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Our Favorite Emmys Hosts of All Time

Tonight, Andy Samberg will host the 67th Primetime Emmy Awards—and before midnight, we'll all be tweeting and discussing our in depth, post-game analysis of his performance. He's up against 66 years of hosts before him,…


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15 Of The Emmys’ 18 Leading Actress Nominees Are Over 40. This Is Huge.

This year’s Emmy nominations included surprises, wearyingly predictable nods, and a few glaring snubs, but one of the most striking things about the nominations had to do with age. Of the 18 leading actress nominees across comedy, drama, and mini-series, 15 of them are over the age of 40.

It would be nice if this wasn’t notable, but it is. And it’s awesome. 

In the category for Outstanding Lead Actress in a Comedy Series, Amy Schumer, at 34, is the youngest actress nominated. The other nominees include Amy Poehler, Edie Falco and Julia Louis-Dreyfus. The oldest is Lily Tomlin, who earned a nod for her funny, honest and nuanced performance in the Netflix series “Grace and Frankie.” Tomlin is 75. A woman her age has never been nominated in this category (prior to her, the oldest nominee was Betty White at 69 for “Golden Girls” in 1991). 

The age diversity among this year’s female nominees is even more significant when you count the supporting actress categories, which include women in their 20s, 30s, 40s, 50s, and 60s, from 28-year-old Emilia Clarke from “Game of Thrones,” to 63-year old Christine Baranski from “The Good Wife.” A vast majority of these actresses, even if they aren’t over 40, are in their 30s. All of the actresses are playing characters who are age-appropriate.

This is, in a word, huge.

In a Hollywood landscape where 24-year-old Jennifer Lawrence consistently gets cast as a middle-aged single mom or 30-something divorcee, and where 26-year-old Emma Stone plays the charming young lover of men twice her age in Woody Allen movie after Woody Allen movie, it’s refreshing to see women of all ages being recognized and celebrated for playing complex, meaty roles across genres. 

Television has long been praised for being more daring and creative, and certainly more diverse when it comes to race and gender (though, of course, we have a long way to go — shows like “Jane the Virgin” and “Empire” were largely shut out of the major Emmy categories this year). This year, two African-American actresses are nominated for lead actress in a drama, and both of them (Taraji P. Henson and Viola Davis) also happen to be in their 40s. 

As Davis said in a roundtable for The Hollywood Reporter, “I had never seen a 49-year-old, dark-skinned woman who is not a size two be a sexualized role in TV or film… I’m a sexual woman, but nothing in my career has ever identified me as a sexualized woman. I was the prototype of the ‘mommified’ role.”

Hollywood perpetuates the straight male fantasy that every woman who is on screen, no matter her age or station in life, should be “fuckable” (in the eyes of white heterosexual male viewers). But this year’s Emmy nominees prove that pandering to that kind of audience is unnecessary and boring — there’s so much more out there. Davis doesn’t have to play the mom or the “Law & Order” judge just because she’s 49, and conversely Amy Schumer doesn’t have to play the dumb blonde type — instead, she can satirize it.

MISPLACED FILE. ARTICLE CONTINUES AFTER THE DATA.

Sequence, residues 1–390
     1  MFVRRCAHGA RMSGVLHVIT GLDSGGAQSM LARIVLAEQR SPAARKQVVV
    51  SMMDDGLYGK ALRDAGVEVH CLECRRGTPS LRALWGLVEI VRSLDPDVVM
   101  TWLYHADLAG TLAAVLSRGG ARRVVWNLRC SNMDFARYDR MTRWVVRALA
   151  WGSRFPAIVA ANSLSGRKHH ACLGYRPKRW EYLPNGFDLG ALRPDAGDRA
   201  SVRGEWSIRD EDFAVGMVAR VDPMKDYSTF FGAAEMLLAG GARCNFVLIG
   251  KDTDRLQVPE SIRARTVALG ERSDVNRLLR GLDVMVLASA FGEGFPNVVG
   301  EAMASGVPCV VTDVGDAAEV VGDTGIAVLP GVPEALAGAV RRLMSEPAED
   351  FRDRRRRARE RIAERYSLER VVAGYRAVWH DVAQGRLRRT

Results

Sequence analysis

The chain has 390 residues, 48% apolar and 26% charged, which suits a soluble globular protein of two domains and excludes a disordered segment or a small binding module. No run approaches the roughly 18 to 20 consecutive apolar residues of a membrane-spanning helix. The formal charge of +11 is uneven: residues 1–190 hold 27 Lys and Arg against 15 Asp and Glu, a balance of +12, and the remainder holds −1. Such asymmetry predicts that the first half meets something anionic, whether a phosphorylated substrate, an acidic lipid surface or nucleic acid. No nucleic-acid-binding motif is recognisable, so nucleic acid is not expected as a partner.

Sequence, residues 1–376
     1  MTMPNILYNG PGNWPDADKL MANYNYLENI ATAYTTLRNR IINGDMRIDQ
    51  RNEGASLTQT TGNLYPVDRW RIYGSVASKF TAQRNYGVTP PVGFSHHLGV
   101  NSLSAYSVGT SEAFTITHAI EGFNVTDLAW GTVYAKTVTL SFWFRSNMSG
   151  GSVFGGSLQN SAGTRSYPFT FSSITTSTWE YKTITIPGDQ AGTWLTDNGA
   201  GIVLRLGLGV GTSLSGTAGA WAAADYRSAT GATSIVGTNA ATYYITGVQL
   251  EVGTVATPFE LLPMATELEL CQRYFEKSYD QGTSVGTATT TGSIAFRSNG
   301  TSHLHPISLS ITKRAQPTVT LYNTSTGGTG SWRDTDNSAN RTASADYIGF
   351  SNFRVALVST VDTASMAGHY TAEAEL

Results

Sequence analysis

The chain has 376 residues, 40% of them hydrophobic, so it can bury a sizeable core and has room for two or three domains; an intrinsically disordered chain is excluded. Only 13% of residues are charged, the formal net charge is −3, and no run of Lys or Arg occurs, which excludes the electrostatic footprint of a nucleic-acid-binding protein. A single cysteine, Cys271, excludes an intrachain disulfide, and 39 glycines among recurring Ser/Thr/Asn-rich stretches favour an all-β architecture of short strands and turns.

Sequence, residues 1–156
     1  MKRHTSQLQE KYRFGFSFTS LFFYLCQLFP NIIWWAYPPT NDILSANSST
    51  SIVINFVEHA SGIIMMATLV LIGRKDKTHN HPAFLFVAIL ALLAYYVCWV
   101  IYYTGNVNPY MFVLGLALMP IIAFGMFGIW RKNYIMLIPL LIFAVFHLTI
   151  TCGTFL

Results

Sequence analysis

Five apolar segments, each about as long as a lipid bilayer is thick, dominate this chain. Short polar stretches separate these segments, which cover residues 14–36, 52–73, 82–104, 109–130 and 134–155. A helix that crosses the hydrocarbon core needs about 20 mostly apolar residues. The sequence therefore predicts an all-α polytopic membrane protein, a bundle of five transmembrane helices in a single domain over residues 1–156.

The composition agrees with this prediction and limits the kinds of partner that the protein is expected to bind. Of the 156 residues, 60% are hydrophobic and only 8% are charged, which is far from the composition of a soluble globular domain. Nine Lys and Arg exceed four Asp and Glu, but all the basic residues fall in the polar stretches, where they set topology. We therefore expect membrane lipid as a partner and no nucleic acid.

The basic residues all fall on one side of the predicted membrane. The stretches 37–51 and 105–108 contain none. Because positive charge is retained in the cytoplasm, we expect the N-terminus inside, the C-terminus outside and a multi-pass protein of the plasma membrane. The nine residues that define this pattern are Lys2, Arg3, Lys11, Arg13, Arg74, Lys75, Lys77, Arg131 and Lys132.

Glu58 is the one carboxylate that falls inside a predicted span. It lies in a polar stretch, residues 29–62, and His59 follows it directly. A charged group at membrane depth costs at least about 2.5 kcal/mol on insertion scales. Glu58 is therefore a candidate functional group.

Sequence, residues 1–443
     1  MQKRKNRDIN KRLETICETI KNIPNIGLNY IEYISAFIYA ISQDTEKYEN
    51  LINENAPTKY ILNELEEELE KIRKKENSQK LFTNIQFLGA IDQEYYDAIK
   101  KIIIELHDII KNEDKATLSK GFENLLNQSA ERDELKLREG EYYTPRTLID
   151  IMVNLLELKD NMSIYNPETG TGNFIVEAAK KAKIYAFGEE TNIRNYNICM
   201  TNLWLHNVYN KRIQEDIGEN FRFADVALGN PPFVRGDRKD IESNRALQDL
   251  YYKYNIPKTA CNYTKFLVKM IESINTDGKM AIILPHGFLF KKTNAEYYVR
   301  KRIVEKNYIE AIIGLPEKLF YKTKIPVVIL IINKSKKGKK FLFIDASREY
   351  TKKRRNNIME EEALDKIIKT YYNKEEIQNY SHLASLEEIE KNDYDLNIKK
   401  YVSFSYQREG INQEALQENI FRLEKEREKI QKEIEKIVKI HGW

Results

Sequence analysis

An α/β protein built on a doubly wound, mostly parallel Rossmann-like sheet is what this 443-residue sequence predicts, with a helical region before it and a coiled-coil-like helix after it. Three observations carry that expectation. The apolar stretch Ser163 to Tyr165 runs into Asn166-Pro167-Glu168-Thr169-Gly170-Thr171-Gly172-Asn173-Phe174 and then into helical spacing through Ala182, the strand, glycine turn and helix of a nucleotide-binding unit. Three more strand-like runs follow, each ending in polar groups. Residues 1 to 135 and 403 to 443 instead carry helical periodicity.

This is all to say that there’s some room for optimism. The Emmys, like many awards shows, are a great representation of where we’re at and where we have to go. There’s been a growing trend not only of complex women on the small screen, and a diversity in the types of actresses who get these roles, but also in the accolades and acknowledgement that these performances are getting. That’s progress. Last year, the number of nominated lead actresses over 40 was 14. This year’s, it’s 15. That number — and the rich, interesting performances that go along with those stats — should only grow.

Check out all the female acting nominees below, and rejoice: 

Outstanding Leading Actress in a Drama Series 

Claire Danes “Homeland” – 36 

Viola Davis “How to Get Away with Murder” – 49

Taraji P. Henson “Empire” – 44

Tatiana Maslany “Orphan Black” – 29 

Elisabeth Moss “Mad Men” – 32

Robin Wright “House of Cards” - 49

Outstanding Leading Actress in a Comedy Series 

Amy Poehler, “Parks And Recreation” – 43 

Lily Tomlin, “Grace and Frankie” – 75

Lisa Kudrow, “The Comeback” – 51

Edie Falco, “Nurse Jackie” – 52

Amy Schumer, “Inside Amy Schumer” – 34 

Julia Louis-Dreyfus, “Veep” – 54

Outstanding Supporting Actress in a Drama Series

Joanne Froggatt, “Downton Abbey”- 34
Lena Headey, “Game Of Thrones” – 41
Emilia Clarke ,“Game Of Thrones” – 28 
Christine Baranski, “The Good Wife” – 63
Christina Hendricks, “Mad Men” – 40
Uzo Aduba, “Orange Is The New Black” – 34

Outstanding Supporting Actress in a Comedy Series 

Mayim Bialik ,“The Big Bang Theory” – 39 
Niecy Nash, “Getting On” – 45
Julie Bowen, “Modern Family” – 45
Allison Janney, “Mom” – 55
Kate McKinnon, “Saturday Night Live”  - 31
Gaby Hoffmann, “Transparent” – 33
Jane Krakowski, “Unbreakable Kimmy Schmidt” – 46
Anna Chlumsky, “Veep” – 34

Outstanding Lead Actress in a Limited Series or a Movie
Frances McDormand, “Olive Kitteridge” -58
Maggie Gyllenhaal, “The Honorable Woman” – 37
Queen Latifah, “Bessie” – 45
Emma Thompson, “Sweeney Todd: Live From Lincoln Center” – 56
Jessica Lange, “American Horror Story: Freak Show” – 66
Felicity Huffman, “American Crime” – 52